Anyway, I just wanted to share this with you guys because it something that I am so grateful we did. That said, I realize cord blood banking is an investment and hard for many people to afford with all the other costs that come along when having a baby. That’s why I’ve asked the company for a discount for my followers. I am so excited and grateful that Pacificord is offering $200 off for my followers who use the code MOLLY when enrolling. I feel the decision to bank your child’s cord blood is an easy one, but not always financially easy to make happen. I hope this discount makes the decision a little easier for some of you.

Enroll HERE

Molly's pretty excited about her Pacificord cord blood certificate :)
Molly’s pretty excited about her Pacificord cord blood certificate 🙂
16 Thoughts

16 thoughts on “Why we chose to bank Molly’s cord blood with Pacificord…

  1. I think this question is more for the company to explain, but from what I understand if Molly would need the stem cells (which hopefully is not the case) she would not be able to use the stem cells that you banked since they are her own. Her stem cells would only be able to help future siblings if they match. Maybe this is incorrect and hopefully the company can provide more information but I also think it is important your readers fully understand the service. We donated both of our children’s cord blood and it was very fulfilling to know that the donation will possibly save other children’s lives.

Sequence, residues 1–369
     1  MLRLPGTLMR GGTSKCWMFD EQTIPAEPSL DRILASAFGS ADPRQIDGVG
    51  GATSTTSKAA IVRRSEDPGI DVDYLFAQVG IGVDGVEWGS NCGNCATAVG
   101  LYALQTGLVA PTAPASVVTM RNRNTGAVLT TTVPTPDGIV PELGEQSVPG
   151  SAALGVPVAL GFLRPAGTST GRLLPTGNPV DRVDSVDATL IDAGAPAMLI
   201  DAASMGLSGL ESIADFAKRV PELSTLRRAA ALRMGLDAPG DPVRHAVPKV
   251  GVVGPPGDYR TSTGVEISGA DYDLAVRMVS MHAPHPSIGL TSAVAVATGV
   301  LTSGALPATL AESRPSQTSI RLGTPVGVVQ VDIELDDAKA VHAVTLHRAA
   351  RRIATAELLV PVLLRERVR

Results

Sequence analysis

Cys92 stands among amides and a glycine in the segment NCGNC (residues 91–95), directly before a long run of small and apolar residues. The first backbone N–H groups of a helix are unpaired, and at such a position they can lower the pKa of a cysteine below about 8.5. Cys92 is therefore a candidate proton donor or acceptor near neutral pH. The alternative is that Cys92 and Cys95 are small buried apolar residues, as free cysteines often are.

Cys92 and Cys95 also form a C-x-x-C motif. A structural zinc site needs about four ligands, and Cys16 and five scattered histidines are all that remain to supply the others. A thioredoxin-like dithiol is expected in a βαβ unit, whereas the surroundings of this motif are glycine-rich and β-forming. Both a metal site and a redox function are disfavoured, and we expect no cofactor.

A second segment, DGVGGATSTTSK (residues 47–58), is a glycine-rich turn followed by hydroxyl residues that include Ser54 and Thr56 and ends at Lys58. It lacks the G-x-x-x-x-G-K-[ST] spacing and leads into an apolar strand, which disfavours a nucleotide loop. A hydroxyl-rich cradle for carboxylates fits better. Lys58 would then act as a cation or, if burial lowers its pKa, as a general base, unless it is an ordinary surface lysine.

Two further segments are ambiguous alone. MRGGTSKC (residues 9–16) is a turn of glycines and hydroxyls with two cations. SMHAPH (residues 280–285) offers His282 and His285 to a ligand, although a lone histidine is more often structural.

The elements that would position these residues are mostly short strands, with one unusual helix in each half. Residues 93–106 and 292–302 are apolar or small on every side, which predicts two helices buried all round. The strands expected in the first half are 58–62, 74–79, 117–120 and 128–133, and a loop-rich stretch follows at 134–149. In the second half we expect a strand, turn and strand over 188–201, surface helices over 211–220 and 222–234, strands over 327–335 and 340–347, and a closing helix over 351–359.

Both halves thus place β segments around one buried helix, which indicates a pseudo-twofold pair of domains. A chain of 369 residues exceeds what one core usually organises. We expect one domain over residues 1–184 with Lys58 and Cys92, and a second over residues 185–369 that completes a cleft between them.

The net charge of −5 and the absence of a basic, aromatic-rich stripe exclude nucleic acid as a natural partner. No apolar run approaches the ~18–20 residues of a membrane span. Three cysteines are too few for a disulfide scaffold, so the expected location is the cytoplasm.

1. Molly’s stem cells can be used to help herself if ever needed. It’s her own cells so the body recognizes them as her own

      1. Emerging treatments sometimes can use one’s own cord blood, however most often cord blood is used to treat a sibling/relative who is a match. This is because if it is something genetic that has caused the condition that requires stem cells, your own stem cells will have that condition as well.

        It is an extremely personal choice and an expensive insurance policy that, if you need, you will be happy you have. If you can’t afford it, I would strongly recommend public cord blood donation. It is free and will ensure that the cord blood is used for someone who need is now. The more people who donate cord blood, the more likely public cord blood will be available should you ever need it.

    2. That is correct! We did cord blood banking with our daughter as well so I did a ton of research because it’s not a cheap process.